INTRODUCTION:We report a case of acute pericardial tamponade in a patient being treated for multiple myleoma. At the time of emergency mediastinal exploration, a laceration of the left anterior descending artery was discovered and repaired. The location of the laceration corresponded to a plasmacytoma on the left 4th rib.
CASE PRESENTATION:A 55-year-old male presented with stage IIIA IgA kappa myeloma that progressed after dexamethasone and thalidomide therapy. Early in his treatment course, a computed tomography (CT) scan revealed a plasmacytoma on his left fourth rib adjacent to the anterior interventricular septum and he received radiation therapy (see Figure 1). His past medical history was otherwise unremarkable. Medications included lansoprazole, acyclovir, bupropion, fluconazole, fluoxetine, tamsulosin, trimethoprim-sulfamethoxazole, and aspirin. He did not smoke tobacco. He was undergoing and responding to salvage chemotherapy with the hyper-CVAD (doxorubicin, vincristine, dexamethasone and cyclophosphamide) regimen. Prior to his discharge from the hospital after his second cycle of chemotherapy, he became hypotensive and lost consciousness. On arrival of the code team, the patient was supine, awake and alert. He was tachycardic and hypotensive with cold skin, a weak pulse and pulsus paradoxus. He had poor response to fluid boluses and vasopressor therapy. An echocardiogram revealed a pericardial clot and impeded right ventricular filling. He underwent emergent mediastinal exploration with identification and evacuation of a 2000 mL pericardial hematoma. A 1×1 mm laceration on the distal left anterior descending artery was found to be actively bleeding and was repaired. There were no changes on electrocardiogram and wall motion remained normal on transesophageal echocardiogram after the procedure. A CT of the chest 2 months previously revealed a 5×5 cm soft tissue mass and associated destructive lesion of the left anterior 4th rib (see Figure 1). The position of this mass corresponded to the coronary artery defect. The patient had an uneventful immediate postoperative course but did require readmissions to the hospital for a pulmonary embolus requiring anticoagulation and placement of an inferior vena cva (IVC) umbrella. Eventually, he was able to complete his chemotherapy course, undergo autologous stem cell transplantation and is in complete remission, one year from the event.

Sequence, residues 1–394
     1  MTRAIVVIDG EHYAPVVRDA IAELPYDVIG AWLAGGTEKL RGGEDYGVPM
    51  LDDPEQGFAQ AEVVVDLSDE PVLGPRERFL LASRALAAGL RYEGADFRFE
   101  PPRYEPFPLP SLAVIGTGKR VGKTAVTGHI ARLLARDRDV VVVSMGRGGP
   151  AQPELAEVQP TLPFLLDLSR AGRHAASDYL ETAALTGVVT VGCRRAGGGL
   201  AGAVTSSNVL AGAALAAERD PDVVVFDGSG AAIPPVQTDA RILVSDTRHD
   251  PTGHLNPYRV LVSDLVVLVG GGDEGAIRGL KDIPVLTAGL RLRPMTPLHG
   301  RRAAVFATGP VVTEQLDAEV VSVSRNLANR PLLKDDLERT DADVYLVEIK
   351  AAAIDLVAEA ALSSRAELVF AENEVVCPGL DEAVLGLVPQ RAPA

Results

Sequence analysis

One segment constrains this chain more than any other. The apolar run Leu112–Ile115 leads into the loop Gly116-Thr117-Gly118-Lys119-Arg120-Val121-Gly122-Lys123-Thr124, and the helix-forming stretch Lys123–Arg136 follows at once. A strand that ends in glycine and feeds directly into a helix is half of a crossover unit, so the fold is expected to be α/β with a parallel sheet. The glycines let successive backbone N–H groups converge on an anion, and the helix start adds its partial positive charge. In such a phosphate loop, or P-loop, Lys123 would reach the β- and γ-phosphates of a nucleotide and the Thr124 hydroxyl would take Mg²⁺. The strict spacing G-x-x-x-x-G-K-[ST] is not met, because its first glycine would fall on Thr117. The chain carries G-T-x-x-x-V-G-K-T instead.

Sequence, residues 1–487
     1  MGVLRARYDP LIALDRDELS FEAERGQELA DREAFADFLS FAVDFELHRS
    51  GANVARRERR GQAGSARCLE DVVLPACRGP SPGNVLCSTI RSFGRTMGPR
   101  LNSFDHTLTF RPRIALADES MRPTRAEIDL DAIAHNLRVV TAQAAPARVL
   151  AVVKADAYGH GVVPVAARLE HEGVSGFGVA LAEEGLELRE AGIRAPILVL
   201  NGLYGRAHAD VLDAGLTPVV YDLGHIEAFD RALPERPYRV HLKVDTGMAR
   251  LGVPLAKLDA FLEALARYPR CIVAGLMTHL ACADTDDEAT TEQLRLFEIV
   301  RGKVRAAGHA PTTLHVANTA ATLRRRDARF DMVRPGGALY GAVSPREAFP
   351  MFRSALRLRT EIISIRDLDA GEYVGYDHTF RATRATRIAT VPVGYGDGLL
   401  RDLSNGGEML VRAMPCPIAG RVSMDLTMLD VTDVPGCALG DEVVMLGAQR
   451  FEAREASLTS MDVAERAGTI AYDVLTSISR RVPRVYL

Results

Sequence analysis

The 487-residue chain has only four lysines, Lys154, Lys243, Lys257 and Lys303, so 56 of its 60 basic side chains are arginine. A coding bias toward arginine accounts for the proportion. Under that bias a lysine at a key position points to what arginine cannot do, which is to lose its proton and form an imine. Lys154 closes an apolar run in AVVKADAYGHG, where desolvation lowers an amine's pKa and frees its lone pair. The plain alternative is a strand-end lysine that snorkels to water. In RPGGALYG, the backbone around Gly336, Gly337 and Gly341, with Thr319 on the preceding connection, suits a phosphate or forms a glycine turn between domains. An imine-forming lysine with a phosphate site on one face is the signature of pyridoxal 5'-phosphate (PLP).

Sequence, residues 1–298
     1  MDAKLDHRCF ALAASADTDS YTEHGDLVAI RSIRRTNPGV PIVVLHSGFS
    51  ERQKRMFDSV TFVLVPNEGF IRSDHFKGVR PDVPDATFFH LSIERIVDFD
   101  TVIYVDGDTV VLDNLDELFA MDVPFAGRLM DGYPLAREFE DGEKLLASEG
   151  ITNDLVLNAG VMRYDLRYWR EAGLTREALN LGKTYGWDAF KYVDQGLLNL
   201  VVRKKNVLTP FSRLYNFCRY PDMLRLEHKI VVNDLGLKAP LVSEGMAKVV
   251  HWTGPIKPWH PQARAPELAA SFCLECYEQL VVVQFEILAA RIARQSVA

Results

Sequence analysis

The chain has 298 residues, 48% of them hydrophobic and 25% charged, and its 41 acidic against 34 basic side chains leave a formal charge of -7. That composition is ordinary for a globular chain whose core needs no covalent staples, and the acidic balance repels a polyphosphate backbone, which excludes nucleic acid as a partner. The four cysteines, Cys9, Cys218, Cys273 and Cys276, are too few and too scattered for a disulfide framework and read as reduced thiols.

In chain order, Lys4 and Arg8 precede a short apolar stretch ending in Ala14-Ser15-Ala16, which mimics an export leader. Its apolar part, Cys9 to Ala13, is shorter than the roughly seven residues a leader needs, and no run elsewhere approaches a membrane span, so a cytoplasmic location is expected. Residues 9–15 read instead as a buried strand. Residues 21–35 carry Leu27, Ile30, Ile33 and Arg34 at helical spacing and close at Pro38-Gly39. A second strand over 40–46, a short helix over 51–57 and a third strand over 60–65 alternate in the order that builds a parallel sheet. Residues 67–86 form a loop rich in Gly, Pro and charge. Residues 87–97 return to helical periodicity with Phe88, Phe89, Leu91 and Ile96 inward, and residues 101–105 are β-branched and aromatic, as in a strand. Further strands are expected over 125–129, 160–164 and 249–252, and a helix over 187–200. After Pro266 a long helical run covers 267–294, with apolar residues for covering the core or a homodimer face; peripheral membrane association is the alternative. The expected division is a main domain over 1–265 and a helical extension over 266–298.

DISCUSSIONS:Multiple myeloma is a plasma cell malignancy that can involve skeletal bone. We have had two multiple myeloma patients with pericardial tamponade from malignant pericardial effusion. Additionally, we identified 21 reports of pericardial involvement with myeloma1, but did not find any reports of coronary artery erosion from a plasmacytoma. Ironically, the patient’s dramatic response to radiation and cytolytic therapy may have precipitated his coronary artery injury and life-threatening complication. Prompt identification of pericardial tamponade and surgical intervention were critical in the successful management of this patient’s condition.
CONCLUSION:This case highlights an unusual complication of a plasmacytoma of the rib.
DISCLOSURE:Nicole Alexander, None.